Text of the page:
A ground squirrel trapped during routine monitoring at the Cedar Grove Campground on Palomar Mountain has tested positive for plague, County vector control officials announced Thursday, May 3.
Environmental health officials said the public could take simple steps to protect themselves from possible exposure when camping and visiting parks.
“It is not unusual to find plague in our local mountains in the summer months, so campers should always avoid contact with squirrels and their fleas,” said Jack Miller, Director of the Department of Environmental Health. “Set up tents away from squirrel burrows, do not feed the squirrels and warn your children not to play with squirrels.”
Plague is a bacterial disease of wild rodents that can be transmitted to humans through the bite of infected fleas. To date, there have been no locally acquired human cases of plague reported in San Diego County. Flea populations are monitored, and control measures are taken as necessary at campgrounds to reduce the potential for human exposure.
signs are posted in all areas where plague has been confirmed. Visitors, hikers and campers in rural mountain areas should look for these signs and always follow these precautions to prevent contact with the fleas:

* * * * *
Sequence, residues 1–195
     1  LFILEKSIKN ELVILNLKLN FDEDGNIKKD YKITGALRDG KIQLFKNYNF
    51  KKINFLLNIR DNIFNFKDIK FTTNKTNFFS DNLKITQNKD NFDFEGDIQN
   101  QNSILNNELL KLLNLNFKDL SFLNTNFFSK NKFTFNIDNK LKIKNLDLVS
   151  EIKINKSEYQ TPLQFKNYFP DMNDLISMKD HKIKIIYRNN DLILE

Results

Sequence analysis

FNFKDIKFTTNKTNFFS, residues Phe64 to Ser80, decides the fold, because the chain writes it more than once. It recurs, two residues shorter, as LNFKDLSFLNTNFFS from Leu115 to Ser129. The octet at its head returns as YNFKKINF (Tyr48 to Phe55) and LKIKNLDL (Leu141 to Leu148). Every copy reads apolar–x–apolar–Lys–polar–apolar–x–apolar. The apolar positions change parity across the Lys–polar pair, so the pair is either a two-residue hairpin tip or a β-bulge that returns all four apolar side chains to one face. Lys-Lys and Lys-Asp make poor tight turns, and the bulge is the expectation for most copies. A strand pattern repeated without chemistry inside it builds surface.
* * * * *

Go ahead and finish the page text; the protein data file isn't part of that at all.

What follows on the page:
- · Avoid contact with ground squirrels, chipmunks, and other wild animals.
- · Do not feed, touch or handle wild animals.
- · Do not rest, camp or sleep near animal burrows in the ground.
- · Protect pets by keeping them on a leash, use flea control, or best of all, leave pets at home.
- · Contact your doctor immediately if you become ill within one week of visiting a known plague area. Symptoms include a sudden onset of fever, chills and tender swollen lymph nodes.
- · Do not touch sick or dead animals.
For more information about plague surveillance, call the Vector Control Program at
or visit the website at